The Shark Caller by Zillah Bethell

Zillah Bethell has penned a spell-binding new middle grade novel set against the beautifully-woven backdrop of her childhood home of New Ireland in Papua New Guinea. The Shark Caller is an astonishing story of friendship, forgiveness and bravery which fellow children’s author Sophie Anderson describes as “magnificent and beautiful.”  

Zillah writes exclusively for the FCBG blog about the time a missionary, Mr Julian, stayed in her village in Papua New Guinea for a while.


I remember the time a missionary stayed with us for a while in the village. His name was Mr Julian and he was Lutheran, I think, from Germany. He wore a white linen suit and he had this kind of white linen hair and he carried a black bible in his pocket.

“Wantim know word of God?” he would bellow at us suddenly from behind a sago palm. “Wantim know Jesus?”

“Do you know Jesus?” he asked my brother once and my brother (so the story goes) said, “No, I don’t know him but I think he met my cousin!”

Mr Julian would sit in his hut, concussing mosquitoes with an egg whisk. It didn’t seem to work because he was always scratching himself and the bites on his leg got so infected he began to hobble. His suit became more and more crumpled till in the end he cut it into a kind of shorts and waistcoat affair. To my knowledge he’d been a fighter pilot, a psychologist and a fertiliser expert for the sugar plantations round Moresby where he’d been known affectionately as Mr Shit!

“He’s come to hunt our souls and our insects,” Aunt Marley whispered to me and I laughed because I didn’t believe her though it turned out to be true. He was like some ancient Victorian collecting specimens to send back home to his wardian case and wunderkammer.

“Where’s the best place to find a Hercules moth?” he’d ask us. “A turquoise beetle? A Birdwing butterfly?”

Even then we must have known that these beautiful creatures were destined for a sticky end in formaldehyde or under glass because we always shrugged or shook our heads. Sometimes I saw him striding through the bush with a butterfly net made out of bamboo sticks and curtains.

“Without a hat,” my aunt would tut, and he would return hours later as red as a paw-paw and half dead with the heat. Then he’d wash his suit in the sea, standing in some kind of knitted undergarment!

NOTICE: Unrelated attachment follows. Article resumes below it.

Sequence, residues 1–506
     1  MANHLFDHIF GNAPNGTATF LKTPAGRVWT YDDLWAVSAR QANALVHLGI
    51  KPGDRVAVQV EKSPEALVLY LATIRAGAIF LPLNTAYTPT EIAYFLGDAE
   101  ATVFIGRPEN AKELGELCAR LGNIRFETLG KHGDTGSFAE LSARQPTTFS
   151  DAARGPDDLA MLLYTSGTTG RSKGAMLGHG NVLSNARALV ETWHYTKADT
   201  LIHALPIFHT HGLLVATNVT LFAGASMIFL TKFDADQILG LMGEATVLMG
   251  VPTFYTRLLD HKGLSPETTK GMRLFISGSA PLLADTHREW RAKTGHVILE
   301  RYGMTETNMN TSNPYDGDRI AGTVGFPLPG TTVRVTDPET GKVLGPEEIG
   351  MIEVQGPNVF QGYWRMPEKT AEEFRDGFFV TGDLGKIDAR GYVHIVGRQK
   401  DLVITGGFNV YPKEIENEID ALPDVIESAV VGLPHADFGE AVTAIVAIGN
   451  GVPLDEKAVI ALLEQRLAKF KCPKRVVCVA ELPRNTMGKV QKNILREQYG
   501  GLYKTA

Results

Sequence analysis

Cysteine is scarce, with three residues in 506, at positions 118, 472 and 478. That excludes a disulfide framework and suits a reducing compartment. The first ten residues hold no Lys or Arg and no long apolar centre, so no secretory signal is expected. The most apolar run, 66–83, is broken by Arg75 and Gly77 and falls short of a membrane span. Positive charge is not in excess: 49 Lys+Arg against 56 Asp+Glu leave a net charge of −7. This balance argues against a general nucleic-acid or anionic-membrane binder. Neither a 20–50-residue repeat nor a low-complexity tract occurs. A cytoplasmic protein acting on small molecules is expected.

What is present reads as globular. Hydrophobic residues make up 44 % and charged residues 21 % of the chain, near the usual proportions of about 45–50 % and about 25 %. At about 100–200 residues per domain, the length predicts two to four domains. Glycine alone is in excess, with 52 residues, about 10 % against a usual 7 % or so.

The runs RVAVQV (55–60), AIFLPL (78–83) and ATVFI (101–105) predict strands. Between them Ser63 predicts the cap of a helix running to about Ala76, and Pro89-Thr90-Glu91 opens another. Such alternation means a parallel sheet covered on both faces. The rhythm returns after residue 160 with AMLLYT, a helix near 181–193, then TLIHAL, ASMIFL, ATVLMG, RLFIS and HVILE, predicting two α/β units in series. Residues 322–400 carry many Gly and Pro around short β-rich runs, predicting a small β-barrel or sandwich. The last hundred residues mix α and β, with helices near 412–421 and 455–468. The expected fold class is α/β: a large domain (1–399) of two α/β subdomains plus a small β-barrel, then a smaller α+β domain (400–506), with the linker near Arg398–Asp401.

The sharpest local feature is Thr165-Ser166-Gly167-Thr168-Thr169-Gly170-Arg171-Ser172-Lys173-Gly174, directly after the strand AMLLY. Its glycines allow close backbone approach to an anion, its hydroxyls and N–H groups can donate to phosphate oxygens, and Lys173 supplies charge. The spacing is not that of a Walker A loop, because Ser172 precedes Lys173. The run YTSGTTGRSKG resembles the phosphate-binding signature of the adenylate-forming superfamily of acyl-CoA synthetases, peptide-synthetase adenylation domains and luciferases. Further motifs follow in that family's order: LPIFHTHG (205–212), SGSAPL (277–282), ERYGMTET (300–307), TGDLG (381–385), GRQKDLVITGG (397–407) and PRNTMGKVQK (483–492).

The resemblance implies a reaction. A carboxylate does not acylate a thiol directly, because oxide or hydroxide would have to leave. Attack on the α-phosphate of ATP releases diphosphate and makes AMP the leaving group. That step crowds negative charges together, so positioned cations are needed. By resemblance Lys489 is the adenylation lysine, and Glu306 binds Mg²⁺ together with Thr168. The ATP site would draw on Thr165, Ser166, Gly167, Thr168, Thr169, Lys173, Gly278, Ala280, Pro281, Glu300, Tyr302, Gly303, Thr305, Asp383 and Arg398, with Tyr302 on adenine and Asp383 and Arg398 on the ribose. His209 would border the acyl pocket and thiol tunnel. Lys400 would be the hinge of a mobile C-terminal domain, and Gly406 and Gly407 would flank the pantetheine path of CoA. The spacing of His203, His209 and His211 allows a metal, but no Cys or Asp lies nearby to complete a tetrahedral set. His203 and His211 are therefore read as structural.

We sat patiently through his sermons on heaven and hell, not caring or understanding, sifting sand through our fingers until the final Amen, when we’d leap to our feet, waiting for him to bring out his radio-controlled aeroplane. Oh, that was a thing of wonder to us! How we loved to see that little red plane soar over the azure seas. Many times it crashed into the waves and we raced to save it from a watery death; or it got stuck on the reef and we prised it away from a sea urchin or sharp coral, careful not to cut our feet. Miraculously it survived, drying out like a starfish till its next big flight.

He also had a magic picture he kept rolled up in a bamboo tube. It looked like a scrawl of charcoal.

“Is it a duck or a rabbit?” he’d ask.

Considering none of us had ever seen a duck or a rabbit, we simply chanted Duck! Rabbit! Duck! Rabbit! Or Today a Duck

And he’d smile and throw raisins from his pocket onto the sand for us to peck at like chickens.

But the thing I liked best about Mr Julian was his singing. At night he’d sit with us around the fire and sing with his autoharp. He sang a song called Stewball and it went like this:

Oh Stewball was a racehorse, and I wish he were mine

He never drank water, he always drank wine,

His bridle was silver, his mane it was gold

And the worth of his saddle has never been told

I sat agog at this song about a horse who drank wine and beat all the other horses in the races. He also sang a hymn called The Old Rugged Cross and though I didn’t understand the words, I found it very beautiful.

One day, Mr Julian left. I don’t remember how exactly or why. Maybe he swam away. Or walked. Or took a ride on a trade boat. All I know is that he was there and then he wasn’t. He left behind his radio-controlled plane. Of course we flew it. Flew it till the battery died and it sank forever. “Mr Julian’s plane has gone,” I told my aunt, sobbing.

I don’t know if his magic picture is still there. Maybe people look at it and wonder if it’s a duck or a rabbit. Maybe they think it’s a charcoal scrawl by a man who came to hunt insects and souls.

There’s a postscript to this story. A couple of years ago I had to attend a funeral of an old Australian friend in Liverpool. It was a beautiful service and as I turned the service sheet to the last hymn, I saw with shock that it was The Old Rugged Cross. As I started to sing, time skipped and skedaddled, and I was back in the firelight, under the stars with my family and friends, with Mr Julian and his autoharp; amazed and humbled by the invisible threads connecting us all through time and space.

Usborne have produced some lovely resources to accompany this book

Comments are closed.